Cerebral Palsy - Increased Seizures

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  • See also

    Afebrile seizures
    Cerebral palsy
    Cerebral palsy: chest infection

    Cerebral palsy: pain and irritability

    Key Points

    1. Assessment of conscious state and responsiveness may be difficult. Pay attention to parental concern
    2. Take a medication history focusing on anti-epileptic drugs (AED), benzodiazepines and baclofen
    3. Manage acute seizure as afebrile seizures
    4. Ensure emergency seizure management plan is updated


    Seizure disorders occur in up to half of children with cerebral palsy

    • They are associated with worse motor function and may be difficult to control
    • Both generalised and focal seizures are seen in children with cerebral palsy

    Cessation of intrathecal baclofen can cause withdrawal, presenting as dystonia and dyskinesia resembling status epilepticus


    Assessment and management should occur concurrently if the child is actively seizing. See afebrile seizures

    Seizures must be considered as a differential diagnosis in the following settings:

    • change in usual behaviour
    • deterioration in motor function
    • sudden falls
    • cognitive decline
    • sleep disturbance

    Precipitants of seizures

    • Intercurrent illness eg febrile illness, chest infection, UTI
    • Changes in medication, specifically AED or missed doses of AED
      • breakthrough seizures can occur with missing any of the AED 
      • carbamazepine and oxcarbazepine result in more severe seizures upon abrupt withdrawal
    • CNS infection
    • VP shunt malfunction


    • History of previous seizures, seizure phenotypes, emergency management plan (if in place) and AED 
    • Benzodiazepine use (consider cumulative dosing and tolerance)
    • Duration of seizure (including pre-hospital period)
    • Focal features (limb or eye movement)
    • Vomiting, diarrhoea or feed intolerance causing reduced absorption of AED
    • Exposure to medications that reduce seizure threshold eg tramadol, tricyclic antidepressant, antihistamine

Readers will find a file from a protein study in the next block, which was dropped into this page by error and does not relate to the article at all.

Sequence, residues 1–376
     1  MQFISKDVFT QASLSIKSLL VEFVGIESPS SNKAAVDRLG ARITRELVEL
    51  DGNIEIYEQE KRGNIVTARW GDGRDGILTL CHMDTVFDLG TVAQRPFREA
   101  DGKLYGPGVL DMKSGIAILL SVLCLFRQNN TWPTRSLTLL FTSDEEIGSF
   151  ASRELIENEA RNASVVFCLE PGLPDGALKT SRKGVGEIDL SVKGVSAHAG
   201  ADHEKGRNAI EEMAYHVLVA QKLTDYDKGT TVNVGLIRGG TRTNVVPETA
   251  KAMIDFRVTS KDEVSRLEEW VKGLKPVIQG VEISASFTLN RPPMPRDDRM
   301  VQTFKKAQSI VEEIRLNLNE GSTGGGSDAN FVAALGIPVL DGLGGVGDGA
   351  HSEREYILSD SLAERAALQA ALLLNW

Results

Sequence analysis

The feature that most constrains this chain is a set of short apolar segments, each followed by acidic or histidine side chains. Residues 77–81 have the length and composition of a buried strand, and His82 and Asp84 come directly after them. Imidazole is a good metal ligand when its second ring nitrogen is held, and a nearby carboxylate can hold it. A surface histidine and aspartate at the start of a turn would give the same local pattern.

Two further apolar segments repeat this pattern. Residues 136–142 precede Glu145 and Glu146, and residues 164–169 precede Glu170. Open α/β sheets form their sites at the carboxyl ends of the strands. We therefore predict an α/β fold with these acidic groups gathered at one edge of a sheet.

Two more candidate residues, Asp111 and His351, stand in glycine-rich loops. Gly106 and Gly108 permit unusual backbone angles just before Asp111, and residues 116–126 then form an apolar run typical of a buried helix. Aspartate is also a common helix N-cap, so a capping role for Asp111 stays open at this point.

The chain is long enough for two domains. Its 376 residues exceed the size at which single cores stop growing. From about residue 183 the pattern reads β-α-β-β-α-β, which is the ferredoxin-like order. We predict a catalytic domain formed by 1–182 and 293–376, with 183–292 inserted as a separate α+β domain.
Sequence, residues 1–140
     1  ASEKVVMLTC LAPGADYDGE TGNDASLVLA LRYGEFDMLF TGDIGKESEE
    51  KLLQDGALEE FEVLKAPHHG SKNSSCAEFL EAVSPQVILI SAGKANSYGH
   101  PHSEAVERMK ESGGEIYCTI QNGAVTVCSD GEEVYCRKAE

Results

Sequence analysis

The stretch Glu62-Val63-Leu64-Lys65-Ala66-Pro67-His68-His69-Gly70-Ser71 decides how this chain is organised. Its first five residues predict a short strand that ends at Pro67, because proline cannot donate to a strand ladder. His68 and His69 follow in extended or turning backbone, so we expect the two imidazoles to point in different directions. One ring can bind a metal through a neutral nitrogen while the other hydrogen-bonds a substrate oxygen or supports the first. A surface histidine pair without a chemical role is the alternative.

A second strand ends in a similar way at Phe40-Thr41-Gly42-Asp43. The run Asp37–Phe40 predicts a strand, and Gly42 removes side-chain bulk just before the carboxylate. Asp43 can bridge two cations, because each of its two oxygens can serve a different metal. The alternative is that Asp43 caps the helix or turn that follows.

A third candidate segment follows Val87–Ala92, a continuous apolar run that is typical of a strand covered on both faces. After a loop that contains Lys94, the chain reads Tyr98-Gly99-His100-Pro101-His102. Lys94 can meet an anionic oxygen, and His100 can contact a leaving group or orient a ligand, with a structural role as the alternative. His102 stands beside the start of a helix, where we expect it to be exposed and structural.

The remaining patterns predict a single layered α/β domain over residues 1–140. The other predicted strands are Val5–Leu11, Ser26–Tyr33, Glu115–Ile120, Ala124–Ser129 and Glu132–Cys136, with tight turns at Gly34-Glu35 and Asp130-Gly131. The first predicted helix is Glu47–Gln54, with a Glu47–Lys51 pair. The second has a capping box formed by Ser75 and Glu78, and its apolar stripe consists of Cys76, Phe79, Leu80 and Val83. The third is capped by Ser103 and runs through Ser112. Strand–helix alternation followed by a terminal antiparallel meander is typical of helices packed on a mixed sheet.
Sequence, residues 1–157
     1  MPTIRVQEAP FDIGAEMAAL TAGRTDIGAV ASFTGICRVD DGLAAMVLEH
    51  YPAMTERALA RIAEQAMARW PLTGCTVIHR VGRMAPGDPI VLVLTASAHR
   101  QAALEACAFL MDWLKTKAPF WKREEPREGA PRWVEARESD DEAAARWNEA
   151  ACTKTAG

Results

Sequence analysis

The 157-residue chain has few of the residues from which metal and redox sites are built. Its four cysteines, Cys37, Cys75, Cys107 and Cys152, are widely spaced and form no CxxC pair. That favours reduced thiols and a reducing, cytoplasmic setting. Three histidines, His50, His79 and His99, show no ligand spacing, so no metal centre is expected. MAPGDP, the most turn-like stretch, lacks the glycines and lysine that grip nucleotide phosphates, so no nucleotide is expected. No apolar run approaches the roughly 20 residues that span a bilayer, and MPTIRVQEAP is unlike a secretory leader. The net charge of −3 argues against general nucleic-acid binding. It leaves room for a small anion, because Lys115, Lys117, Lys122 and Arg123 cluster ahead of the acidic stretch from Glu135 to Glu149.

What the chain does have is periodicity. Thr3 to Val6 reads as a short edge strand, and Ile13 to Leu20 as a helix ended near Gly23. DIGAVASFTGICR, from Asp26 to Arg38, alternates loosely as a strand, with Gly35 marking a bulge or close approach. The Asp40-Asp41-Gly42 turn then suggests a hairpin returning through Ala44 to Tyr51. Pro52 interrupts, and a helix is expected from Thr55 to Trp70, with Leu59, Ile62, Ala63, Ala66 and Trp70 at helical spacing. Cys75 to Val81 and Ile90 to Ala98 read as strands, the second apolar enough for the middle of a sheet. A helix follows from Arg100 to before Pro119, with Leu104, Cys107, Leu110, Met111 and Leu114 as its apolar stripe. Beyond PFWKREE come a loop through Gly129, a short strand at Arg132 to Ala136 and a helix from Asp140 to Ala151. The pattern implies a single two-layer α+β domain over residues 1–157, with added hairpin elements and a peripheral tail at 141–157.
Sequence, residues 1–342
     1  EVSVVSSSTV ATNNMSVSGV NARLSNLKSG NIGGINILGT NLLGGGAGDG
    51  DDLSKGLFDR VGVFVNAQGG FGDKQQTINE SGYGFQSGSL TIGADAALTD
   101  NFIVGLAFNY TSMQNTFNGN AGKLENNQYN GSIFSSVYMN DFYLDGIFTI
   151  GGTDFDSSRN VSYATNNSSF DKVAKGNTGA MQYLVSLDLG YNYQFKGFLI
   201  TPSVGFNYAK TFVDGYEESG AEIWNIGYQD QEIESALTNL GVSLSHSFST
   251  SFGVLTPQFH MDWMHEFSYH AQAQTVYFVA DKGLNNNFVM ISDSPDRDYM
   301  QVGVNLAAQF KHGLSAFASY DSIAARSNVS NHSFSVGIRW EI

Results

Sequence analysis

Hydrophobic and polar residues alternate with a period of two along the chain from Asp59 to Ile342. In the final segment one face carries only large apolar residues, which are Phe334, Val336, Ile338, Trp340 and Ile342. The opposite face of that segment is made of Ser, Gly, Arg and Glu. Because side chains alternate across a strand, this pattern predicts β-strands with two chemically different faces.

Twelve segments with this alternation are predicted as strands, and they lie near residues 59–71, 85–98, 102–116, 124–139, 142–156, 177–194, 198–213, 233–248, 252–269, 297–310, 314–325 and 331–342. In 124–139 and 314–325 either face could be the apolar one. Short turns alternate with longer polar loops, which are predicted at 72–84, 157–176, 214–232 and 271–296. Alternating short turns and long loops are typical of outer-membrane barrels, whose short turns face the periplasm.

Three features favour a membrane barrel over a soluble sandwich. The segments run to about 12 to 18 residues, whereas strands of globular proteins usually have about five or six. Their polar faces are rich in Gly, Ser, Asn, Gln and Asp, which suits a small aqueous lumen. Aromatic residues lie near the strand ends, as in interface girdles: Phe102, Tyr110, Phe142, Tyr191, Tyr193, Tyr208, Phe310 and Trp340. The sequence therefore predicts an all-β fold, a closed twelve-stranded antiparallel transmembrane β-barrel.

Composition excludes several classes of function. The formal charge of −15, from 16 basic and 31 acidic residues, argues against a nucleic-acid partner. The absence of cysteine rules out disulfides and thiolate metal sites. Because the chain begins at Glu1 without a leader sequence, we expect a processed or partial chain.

• Presence of VP shunt
    • Presence of intrathecal baclofen pump


    • Conscious state and responsiveness  
    • Consider subtle signs of ongoing seizure activity eg eye deviation
    • VP shunt if present


    • See afebrile seizures for management of acute seizure
      • Optimise head position, consider left lateral position if risk of aspiration
      • Consider simple airway manoeuvres (head-tilt chin-lift or jaw thrust)
      • Consider oro/nasopharyngeal airway for upper airway obstruction
      • Suction secretions/blood/vomit
    • Treat intercurrent illness as appropriate
    • Assessment of conscious state and responsiveness may be difficult
      • Failure of improvement of conscious state post seizure or worsening conscious state requires re-evaluation and consideration of investigations including lumbar puncture (LP) and neuroimaging. Seek senior advice
    • Consider the possibility of non-convulsive status particularly in those with seizure disorders with multiple seizure types. This may require EEG confirmation. Seek senior advice
    • Adjustments to maintenance AED should be discussed with the consultant responsible
    • Ensure discharge plan includes an updated emergency seizure management plan

    Consider consultation with local paediatric team when

    • Prolonged seizures, incomplete recovery or status epilepticus
    • Increasing frequency of seizures in a child with a known seizure disorder

    Consider transfer when

    • Status epilepticus
    • Children anticipated to required ICU level care (cardiorespiratory compromise)

    For emergency advice and paediatric or neonatal ICU transfers, see Retrieval Services

    Consider discharge when

    • Child is back to usual level of consciousness and function, and able to tolerate AED (if taking)
    • An updated emergency seizure management plan is provided
    • Follow-up in place 


    Last updated July 2023

  • Reference List

    1. Gabis, LV et al. Assessment of Abilities and Comorbidities in Children with Cerebral Palsy. Journal of Child Neurology. 2015. 30(12) p 1640-1645.
    2. Karim, T et al. Improving epilepsy control among children with cerebral palsy in rural Bangladesh: a prospective cohort-based study. BMJ Open. 2022. 12e052578. doi:10.1136/bmjopen-2021-052578
    3. Latzer, IT et al. Prediction of Drug-Resistant Epilepsy in Children with Cerebral Palsy. Journal of Child Neurology. 2020. 35(3), p187-194.
    4. NICE guideline [NG62]. Cerebral Palsy in under 25s: assessment and management. Retrieved from https://www.nice.org.uk/guidance/ng62 (viewed 07 Sept 2022).
    5. NICE guideline [NG217]. Epilepsies in children, young people and adults. 2022. Retrieved from https://www.nice.org.uk/guidance/ng217 (viewed 07 Sept 2022).
    6. Singhi, P et al. Epilepsy in Children with Cerebral Palsy. Journal of Child Neurology. 2003. 18(3), p175-179.
    7. Tsubouchi, Y et al. Long-term prognosis of epilepsy in patients with cerebral palsy. Developmental Medicine & Child Neurology. 2019. 61, p1067-1073. doi: 10.1111/dmcn.14188.